Interpretation and evolution of open-circuit voltage, recombination, ideality factor and subgap defect states during reversible light-soaking and irreversible degradation of perovskite solar cells†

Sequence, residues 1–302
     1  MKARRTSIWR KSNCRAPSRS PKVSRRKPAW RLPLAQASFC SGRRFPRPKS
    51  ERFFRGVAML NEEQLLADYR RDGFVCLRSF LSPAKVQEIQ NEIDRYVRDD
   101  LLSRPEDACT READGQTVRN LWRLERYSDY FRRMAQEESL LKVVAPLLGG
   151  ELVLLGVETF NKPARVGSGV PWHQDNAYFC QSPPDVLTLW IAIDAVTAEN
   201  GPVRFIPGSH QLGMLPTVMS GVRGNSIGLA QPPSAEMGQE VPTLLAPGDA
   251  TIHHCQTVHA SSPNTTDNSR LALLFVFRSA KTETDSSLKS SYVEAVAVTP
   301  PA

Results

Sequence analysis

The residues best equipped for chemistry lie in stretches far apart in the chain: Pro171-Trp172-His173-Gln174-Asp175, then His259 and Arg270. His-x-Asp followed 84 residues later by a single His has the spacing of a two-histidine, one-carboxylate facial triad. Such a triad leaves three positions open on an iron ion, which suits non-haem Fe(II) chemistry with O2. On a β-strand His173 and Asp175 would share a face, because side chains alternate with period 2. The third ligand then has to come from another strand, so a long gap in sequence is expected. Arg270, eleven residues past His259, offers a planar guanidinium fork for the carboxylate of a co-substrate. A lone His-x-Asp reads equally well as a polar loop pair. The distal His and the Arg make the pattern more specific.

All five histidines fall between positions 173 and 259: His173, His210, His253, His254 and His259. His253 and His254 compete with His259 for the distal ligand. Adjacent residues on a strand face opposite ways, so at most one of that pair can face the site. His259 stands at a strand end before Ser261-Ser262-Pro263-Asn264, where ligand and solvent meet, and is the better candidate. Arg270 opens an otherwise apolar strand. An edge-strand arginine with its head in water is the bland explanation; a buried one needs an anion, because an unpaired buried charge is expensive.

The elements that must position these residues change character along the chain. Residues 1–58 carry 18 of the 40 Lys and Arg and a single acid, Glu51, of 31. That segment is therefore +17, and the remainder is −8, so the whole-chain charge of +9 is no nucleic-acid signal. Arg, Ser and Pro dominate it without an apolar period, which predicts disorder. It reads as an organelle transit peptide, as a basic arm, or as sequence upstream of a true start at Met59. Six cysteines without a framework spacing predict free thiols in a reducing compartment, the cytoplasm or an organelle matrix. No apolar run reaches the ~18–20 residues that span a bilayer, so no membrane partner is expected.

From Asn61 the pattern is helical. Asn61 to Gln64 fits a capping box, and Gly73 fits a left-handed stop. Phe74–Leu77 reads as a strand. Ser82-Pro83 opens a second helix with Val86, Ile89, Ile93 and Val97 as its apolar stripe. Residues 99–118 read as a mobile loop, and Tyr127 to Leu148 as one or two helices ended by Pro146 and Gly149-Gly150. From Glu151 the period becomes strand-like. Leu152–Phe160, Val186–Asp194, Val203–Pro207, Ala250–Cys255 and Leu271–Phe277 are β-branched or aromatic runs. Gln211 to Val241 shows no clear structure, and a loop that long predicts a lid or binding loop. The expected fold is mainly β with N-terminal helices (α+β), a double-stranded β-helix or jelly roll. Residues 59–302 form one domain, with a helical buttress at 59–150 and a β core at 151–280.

Metal halide perovskite absorber materials are about to emerge as a high-efficiency photovoltaic technology. At the same time, they are suitable for high-throughput manufacturing characterized by a low energy input and abundant low-cost materials. However, a further optimization of their efficiency, stability and reliability demands a more detailed optoelectronic characterization and understanding of losses including their evolution with time. In this work, we analyze perovskite solar cells with different architectures (planar, mesoporous, HTL-free), employing temperature dependent measurements (current–voltage, light intensity, electroluminescence) of the ideality factor to identify dominating recombination processes that limit the open-circuit voltage (Voc). We find that in thoroughly-optimized, high-Voc (≈1.2 V) devices recombination prevails through defects in the perovskite. On the other hand, irreversible degradation at elevated temperature is caused by the introduction of broad tail states originating from an external source (e.g. metal electrode). Light-soaking is another effect decreasing performance, though reversibly. Based on FTPS measurements, this degradation is attributed to the generation of surface defects becoming a new source of non-radiative recombination. We conclude that improving long-term stability needs to focus on adjacent layers, whereas a further optimization of efficiency of top-performing devices requires understanding of the defect physics of the nanocrystalline perovskite absorber. Finally, our work provides guidelines for the design of further dedicated studies to correctly interpret the diode ideality factor and decrease recombination losses.